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Tupolev Tu-142

Long-range maritime patrol and anti-submarine warfare aircraft

Tu-142 maritime patrol aircraft

The Tu-142 was designed primarily to detect and destroy US ballistic missile submarines

 
 
Country of origin Soviet Union
Entered service 1972
Crew 11 men
Dimensions and weight
Length 51.55 m
Wing span 50.2 m
Height 14.7 m
Weight (empty) 93.89 t
Weight (maximum take off) 185 t
Engines and performance
Engines 4 x KKBM (Kuznetsov) NK-12MV turboprops
Engine power 4 x 15 000 hp
Maximum speed 855 - 875 km/h
Cruising speed 730 km/h
Service ceiling 12 - 13.5 km
Range 11 500 km
Combat radius 5 200 km
Armament
Cannon 2 x 23 mm twin-barrel cannons
Missiles 8 x Kh-35 anti-ship cruise missiles (only on some improved aircraft)
Other anti-submarine torpedoes, depth charges, mines

 

   The Tupolev Tu-142 is a maritime patrol version of the Tu-95 strategic bomber. It was actually based on the Tu-95RC maritime reconnaissance aircraft. The Tu-142 is known in the West as the Bear-F. It was designed primarily for anti-submarine warfare and a variety of other naval roles. Development commenced in 1963. The Tu-142 was intended to counter the threat posed by the new US ballistic missile submarines, that carried Polaris nuclear-tipped ballistic missiles. By the early 1960s US Navy already had a small fleet of George Washington and Ethan Allen class ballistic missile boats and was rapidly commissioning new larger and improved Lafayette clas boats. These US boats were hiding in the oceans and could launch their nuclear missiles against strategic Soviet targets. The Tu-142 aircraft was designed to find these US ballistic missile boats on their deterrence patrols. However it was a tough task, as back in the 1960s and 1970s Soviet submarine detection equipment was rather poor. The new Tu-142 was created by using an existing Tu-95 airframe and fitting it with sensors from Il-38 maritime patrol aircraft. The type made its first flight in 1968. Mass production commenced during the same year, though the type was still tested and improved until 1972. The Tu-142 was officially adopted in 1972. This maritime patrol aircraft was produced in a number of versions. It was constantly improved throughout its production run as new improvements and refinements were constantly introduced. Around 100 of the Tu-142 series aircraft were built, including variants, when production ceased in 1994. By 2018 the type was still active. Originally a total of 49 examples equipped a Soviet naval aviation regiment at Kipelovo, assigned to the Northern Fleet and 24 examples equipped another regiment at Kamenniy Ruchey, assigned to the Pacific Fleet. During 2000s condition of Russia's Tu-142s was poor and availability rate was low. Eventually these aviation regiments were re-organized and number of operational aircraft was reduced to 16 units. A total of 8 aircraft remained in service in the Northern Fleet and 8 aircraft in Pacific fleet. The major anti-submarine warfare variants are the Tu-142MK (Western reporting name Bear-F Mod.3) and improved Tu-142MZ (Bear-F Mod.4), the last of which was completed in 1994. By 2018 only 12 Tu-142MK/MZ maritime patrol aircraft reportedly remained in service, plus another 10 Tu-142MR communication aircraft. Even though this aircraft is very old, Russia has got no proper replacement for this aircraft. So the Tu-142 remains an improtant type. Russia's Naval Aviation also operates a smaller Il-38 maritime patrol aircraft for shorter-range role. Surviving Tu-142 airframes are likely to be upgraded with new radars, sonobuoys, new surveillance systems and magnetic anomaly detection systems. The only Tu-142 export operator is the Indian Navy which obtained seven Tu-142 MK-Es. Though recently India obtained a number of new Boeing P-8I Neptune long-range maritime patrol aircraft (Indian Navy's version of the P-8 Poseidon). It is a modern and much more capable aircraft.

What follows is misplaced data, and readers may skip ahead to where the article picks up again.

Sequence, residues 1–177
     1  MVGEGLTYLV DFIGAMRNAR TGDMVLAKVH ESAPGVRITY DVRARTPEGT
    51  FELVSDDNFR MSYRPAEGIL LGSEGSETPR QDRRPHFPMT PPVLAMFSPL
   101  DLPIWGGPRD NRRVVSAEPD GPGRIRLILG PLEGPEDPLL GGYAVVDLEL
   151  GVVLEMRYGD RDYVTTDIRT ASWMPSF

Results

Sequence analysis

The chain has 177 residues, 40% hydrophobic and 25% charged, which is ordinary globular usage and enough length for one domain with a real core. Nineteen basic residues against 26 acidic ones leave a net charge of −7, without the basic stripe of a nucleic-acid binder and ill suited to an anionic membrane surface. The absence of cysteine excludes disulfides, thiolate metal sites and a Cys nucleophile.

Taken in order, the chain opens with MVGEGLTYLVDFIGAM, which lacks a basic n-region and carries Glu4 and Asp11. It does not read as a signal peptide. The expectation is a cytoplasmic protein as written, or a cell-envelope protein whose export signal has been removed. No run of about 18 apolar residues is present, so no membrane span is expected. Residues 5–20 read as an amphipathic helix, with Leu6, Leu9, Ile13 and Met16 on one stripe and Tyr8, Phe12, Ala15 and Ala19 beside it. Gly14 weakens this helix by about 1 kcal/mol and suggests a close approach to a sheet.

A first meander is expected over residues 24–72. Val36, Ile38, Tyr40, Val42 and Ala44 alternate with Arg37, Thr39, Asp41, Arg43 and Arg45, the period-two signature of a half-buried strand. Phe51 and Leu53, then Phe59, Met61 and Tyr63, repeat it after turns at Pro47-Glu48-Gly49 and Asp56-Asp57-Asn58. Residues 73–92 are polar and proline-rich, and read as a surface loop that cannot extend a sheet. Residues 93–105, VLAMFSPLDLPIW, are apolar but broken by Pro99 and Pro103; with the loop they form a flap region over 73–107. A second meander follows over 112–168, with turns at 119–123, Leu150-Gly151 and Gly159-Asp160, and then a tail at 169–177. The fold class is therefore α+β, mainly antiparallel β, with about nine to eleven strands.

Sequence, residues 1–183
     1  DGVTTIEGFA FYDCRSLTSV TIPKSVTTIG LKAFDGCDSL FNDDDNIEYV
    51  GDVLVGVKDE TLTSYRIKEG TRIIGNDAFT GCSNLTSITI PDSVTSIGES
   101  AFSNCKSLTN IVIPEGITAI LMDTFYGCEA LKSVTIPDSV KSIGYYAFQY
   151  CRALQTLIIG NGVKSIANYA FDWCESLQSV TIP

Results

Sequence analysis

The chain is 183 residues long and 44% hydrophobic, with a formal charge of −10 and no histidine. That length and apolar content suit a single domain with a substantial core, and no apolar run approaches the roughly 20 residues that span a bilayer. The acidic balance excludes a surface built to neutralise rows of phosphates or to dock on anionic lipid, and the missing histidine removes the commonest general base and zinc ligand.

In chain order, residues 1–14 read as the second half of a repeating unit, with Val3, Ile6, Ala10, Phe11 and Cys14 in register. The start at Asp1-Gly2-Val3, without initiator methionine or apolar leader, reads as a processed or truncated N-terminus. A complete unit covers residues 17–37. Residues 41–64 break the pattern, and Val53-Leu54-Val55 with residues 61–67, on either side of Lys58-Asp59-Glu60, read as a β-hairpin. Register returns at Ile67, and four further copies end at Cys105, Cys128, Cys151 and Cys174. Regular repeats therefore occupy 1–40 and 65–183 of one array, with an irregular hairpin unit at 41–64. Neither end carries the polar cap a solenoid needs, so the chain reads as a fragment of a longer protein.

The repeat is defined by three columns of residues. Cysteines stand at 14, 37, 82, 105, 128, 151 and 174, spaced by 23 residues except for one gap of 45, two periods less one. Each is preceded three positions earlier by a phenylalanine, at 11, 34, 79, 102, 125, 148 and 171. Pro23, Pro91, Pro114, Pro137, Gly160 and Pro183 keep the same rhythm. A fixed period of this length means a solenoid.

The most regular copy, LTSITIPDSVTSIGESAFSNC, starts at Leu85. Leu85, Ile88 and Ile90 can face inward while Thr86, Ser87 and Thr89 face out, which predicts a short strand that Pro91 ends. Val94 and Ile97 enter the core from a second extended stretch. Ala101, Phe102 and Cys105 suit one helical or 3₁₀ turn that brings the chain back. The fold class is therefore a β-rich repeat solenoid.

This maritime patrol aircraft is operated by a crew of 11 men. It can be used for anti-submarine warfare, anti-shipping, reconnaissance, electronic intelligence, search and rescue, and other roles.

   The Tu-142 is equipped with various search sensors, including a search radar and sonobuoys. The original sensors were carried over from the Il-38 maritime patrol aircraft, though some of the elements were newly developed. Eventually improved versions of the Tu-142 were fitted with more capable sensors. Magnetic anomaly detection system was added on an improved Tu-142M version.

   This maritime patrol aircraft is powered by four NK-12MV turboprop engines, developing 15 000 hp each and fitted with counter-rotating propellers. The Tu-142 has an impressive range of 11 500 km. This aircraft carries 83.9 t of onboard fuel. Furthermore it is fitted with in-flight refueling probe, which might further extend its range. Still though this maritime patrol aircraft could reach US shores without in-flight refueling. Russian Naval Aviation also operates the smaller Il-38 maritime patrol aircraft for shorter-range role. The Il-38 is another ageing machine, which was adopted back in 1968. Russia currently has got no suitable replacement for these ageing types.